old gm building
Bartleby the Scrivener vegan27
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tour, fencing and a funeral
Last week was pretty nuts with the techno festival, construction, and Sarah moving in, and the pace did not let up this weekend.

On Friday I found out that my across-the-street neighbor Shirley had died on Tuesday the 27th, the same day Sarah moved in. Shirley was a long time resident of the neighborhood, having moved into that home in 1970, I believe. Her advocacy for the poor made her fear gentrification so much in those days that she clashed with architects and preservationists who moved into the area. She obviously mellowed out by the time I met her. When my mom, younger brother and I started to work on the Bumble Bee House in 2008, Shirley called out across the street to us to come over for coffee and cake when we wanted a break. We dusted off our clothes the best we could and she welcomed us into her home. She kept forgetting my mom and brother's names, so she would jokingly call us "Peter, Paul and Mary". When Joe moved into the house, she shouted out to him, "Young blood! That's what we need!" She didn't seem to have any fears or inhibitions. At a community meeting, she said to the owner of the junkyard next to me that wasn't then properly screened, "I've come here to unsheathe my sword, but don't worry, I'm not going to chop your head off! But I do need to wave it in the air a little!"

Sarah and I attended the funeral at St. Peter's Episcopal Church on Trumbull on Saturday. I had never attended an Episcopal service before, and I was surprised how semi-Catholic it was. The services were lovely and very well attended--a very moving tribute any way you look at it.

* * * * *


After the excavation of the concrete footings from the old "courtyard" next to my house, I was ready to install a fence--that is, have my friend Don install it. I guess I could have done it myself, but just because you can do something doesn't mean that you should. Don has the knowledge, tools and experience to make sure the fence is straight, plumb, and solid, plus he's always looking for weekend jobs.

Don and his friend Rick installed most of the posts on Saturday, and mostly finished the job on Sunday. I somehow effed up the math and was short by half a fence panel, so Sarah and I went to Lowe's on Saturday evening to get one more. Don will use it to make the back gate today or tomorrow.



The yard already feels cozy even though it's only enclosed by a short picket fence. Because I'm a new-urbanist dilettante, I know that you don't need a six-foot high privacy fence to create that effect. This is all you need to feel less out in the open, and to mark the transition between public and private space without alienating neighbors or passers-by.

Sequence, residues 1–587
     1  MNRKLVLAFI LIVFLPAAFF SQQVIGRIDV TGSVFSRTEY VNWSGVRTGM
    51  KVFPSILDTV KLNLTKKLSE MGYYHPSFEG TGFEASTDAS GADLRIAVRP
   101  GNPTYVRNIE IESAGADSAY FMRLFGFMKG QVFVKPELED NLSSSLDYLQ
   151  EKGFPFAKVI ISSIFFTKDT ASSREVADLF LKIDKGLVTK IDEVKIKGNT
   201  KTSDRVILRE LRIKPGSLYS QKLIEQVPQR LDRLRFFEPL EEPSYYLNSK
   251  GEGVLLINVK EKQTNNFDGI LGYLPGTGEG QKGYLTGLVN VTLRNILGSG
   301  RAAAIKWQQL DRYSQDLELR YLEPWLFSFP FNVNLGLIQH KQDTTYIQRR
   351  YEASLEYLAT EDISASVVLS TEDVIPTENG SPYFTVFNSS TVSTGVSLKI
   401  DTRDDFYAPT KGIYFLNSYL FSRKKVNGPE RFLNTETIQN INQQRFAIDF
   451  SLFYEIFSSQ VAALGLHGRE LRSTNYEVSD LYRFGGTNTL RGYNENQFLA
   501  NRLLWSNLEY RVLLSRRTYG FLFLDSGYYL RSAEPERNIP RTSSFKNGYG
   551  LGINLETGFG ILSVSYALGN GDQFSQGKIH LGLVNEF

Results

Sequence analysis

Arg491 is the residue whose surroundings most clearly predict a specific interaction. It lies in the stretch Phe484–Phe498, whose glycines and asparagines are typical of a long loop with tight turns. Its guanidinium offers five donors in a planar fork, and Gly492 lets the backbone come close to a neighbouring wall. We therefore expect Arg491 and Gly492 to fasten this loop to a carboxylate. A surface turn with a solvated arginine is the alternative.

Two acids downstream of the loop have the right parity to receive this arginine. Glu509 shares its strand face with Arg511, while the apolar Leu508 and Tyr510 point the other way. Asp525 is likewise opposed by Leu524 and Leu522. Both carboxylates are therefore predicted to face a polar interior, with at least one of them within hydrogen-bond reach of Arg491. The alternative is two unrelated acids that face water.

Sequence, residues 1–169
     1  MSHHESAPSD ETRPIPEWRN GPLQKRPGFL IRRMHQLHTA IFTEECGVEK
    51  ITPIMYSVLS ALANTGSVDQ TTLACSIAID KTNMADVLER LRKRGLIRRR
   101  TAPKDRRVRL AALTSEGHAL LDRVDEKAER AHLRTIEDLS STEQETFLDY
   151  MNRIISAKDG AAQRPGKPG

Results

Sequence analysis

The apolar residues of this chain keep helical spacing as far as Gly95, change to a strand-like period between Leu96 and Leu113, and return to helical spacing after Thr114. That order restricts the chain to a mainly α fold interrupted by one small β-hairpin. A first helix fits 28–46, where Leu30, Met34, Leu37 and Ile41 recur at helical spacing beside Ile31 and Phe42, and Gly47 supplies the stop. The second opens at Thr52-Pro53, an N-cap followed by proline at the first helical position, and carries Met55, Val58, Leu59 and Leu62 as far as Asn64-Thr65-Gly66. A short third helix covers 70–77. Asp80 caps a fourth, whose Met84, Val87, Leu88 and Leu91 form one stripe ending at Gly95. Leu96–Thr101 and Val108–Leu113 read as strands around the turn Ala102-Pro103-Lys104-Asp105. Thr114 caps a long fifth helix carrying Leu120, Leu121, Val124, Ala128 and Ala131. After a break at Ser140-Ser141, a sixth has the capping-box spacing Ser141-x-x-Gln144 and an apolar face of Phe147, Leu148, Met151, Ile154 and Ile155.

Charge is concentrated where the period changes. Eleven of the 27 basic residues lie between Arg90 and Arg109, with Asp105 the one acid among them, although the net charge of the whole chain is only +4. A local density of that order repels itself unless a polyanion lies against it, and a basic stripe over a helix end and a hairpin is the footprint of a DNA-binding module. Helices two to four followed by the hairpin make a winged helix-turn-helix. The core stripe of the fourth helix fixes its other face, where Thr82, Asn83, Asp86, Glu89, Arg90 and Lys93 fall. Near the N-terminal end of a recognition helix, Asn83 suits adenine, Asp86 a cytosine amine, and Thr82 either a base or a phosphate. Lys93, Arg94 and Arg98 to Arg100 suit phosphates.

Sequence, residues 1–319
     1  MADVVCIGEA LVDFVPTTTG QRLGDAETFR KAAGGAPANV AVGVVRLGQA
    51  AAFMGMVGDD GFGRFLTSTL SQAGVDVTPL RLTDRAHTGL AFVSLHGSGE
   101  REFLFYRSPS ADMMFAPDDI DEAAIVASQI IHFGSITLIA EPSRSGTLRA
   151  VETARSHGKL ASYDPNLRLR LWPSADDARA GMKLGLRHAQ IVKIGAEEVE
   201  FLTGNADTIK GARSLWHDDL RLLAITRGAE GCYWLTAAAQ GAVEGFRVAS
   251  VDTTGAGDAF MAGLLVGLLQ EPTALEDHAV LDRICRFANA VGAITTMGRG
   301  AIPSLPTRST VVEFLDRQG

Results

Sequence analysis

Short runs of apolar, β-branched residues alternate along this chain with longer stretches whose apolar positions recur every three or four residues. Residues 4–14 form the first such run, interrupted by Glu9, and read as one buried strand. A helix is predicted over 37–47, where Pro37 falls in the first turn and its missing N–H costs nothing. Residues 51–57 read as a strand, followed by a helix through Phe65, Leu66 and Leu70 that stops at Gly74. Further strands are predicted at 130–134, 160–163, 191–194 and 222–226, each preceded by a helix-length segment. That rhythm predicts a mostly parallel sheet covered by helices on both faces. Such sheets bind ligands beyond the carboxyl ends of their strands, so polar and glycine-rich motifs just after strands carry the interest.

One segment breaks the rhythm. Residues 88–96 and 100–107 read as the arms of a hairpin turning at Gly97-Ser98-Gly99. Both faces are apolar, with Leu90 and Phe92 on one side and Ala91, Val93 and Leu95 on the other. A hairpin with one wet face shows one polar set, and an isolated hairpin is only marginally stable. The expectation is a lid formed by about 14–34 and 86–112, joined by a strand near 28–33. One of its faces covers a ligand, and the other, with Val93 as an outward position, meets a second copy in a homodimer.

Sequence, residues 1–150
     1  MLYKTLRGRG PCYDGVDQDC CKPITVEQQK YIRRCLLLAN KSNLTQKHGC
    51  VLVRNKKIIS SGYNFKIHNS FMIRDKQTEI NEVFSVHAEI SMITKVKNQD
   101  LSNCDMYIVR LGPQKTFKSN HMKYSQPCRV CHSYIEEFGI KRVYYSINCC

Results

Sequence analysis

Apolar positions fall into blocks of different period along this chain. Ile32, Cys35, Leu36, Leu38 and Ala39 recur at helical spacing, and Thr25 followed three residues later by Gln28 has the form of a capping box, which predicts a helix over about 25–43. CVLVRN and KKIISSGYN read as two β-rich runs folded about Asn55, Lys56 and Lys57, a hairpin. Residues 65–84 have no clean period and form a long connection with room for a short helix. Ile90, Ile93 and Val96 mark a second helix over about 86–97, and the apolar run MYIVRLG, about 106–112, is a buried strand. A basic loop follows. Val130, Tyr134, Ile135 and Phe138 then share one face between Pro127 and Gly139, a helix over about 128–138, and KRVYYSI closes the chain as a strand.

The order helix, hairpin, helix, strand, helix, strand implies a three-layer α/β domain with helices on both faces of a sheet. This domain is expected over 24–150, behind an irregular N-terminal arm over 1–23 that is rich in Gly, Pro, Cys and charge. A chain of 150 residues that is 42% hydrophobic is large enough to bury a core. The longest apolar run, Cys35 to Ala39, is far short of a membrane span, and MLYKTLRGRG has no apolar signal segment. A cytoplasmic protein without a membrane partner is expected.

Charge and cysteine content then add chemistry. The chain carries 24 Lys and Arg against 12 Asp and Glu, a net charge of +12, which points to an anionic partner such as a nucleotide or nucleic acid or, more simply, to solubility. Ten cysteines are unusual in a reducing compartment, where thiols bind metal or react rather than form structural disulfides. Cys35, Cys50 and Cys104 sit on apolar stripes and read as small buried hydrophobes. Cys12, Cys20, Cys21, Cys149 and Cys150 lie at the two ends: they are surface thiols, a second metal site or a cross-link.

I kept the fence in line with the house even though Don said he would have gone to the sidewalk. "Here's what I would do if I was you," he said, holding a fence panel right at the edge of the concrete. "I would put my fence right here and if anybody from the city came up to me I would tell that city council to go fuck themselves!"

The next step is to bury UF-B cable 12 inches underground for the outlet that will supply power to my pond's fountain. Then the fence will be stained to match the house's dark-blue/grey trim.

* * * * *


The Corktown home tour was Sunday, which of course was the most hectic activity of all. Sarah very awesomely helped me out a lot, assisting with putting out the historical lawn signs early in the morning, attending the ticket sales tables during the tour, and picking up the signs in the evening.

We had a chance to attend the tour in the afternoon and see some really cool places. My favorite was Lisa R.'s and Scott B.'s loft in what was originally a Westinghouse Electrical Company warehouse and service center. We were very fortunate to have some new homes on the tour. Reaching out to home owners and getting them to put their houses on the tour is our biggest challenge every year.

I met up with a former neighbor of mine who used to live close to my old house on Wabash, and showed me a bunch of old photos she dug up from inside and outside of her old house. A woman whose name I didn't get donated color slides of Corktown houses taken 22 years ago, and another person left us two old photos from 17th and Ash Streets from the late 1800s. I will be putting these online some time this week.

I deposited the cash and checks this morning, and Blake is handling the PayPal/credit cards deposits. We have some sorting out to do, but our initial count last night was 655 paying attendees on the tour. Thanks to everyone else who helped out!

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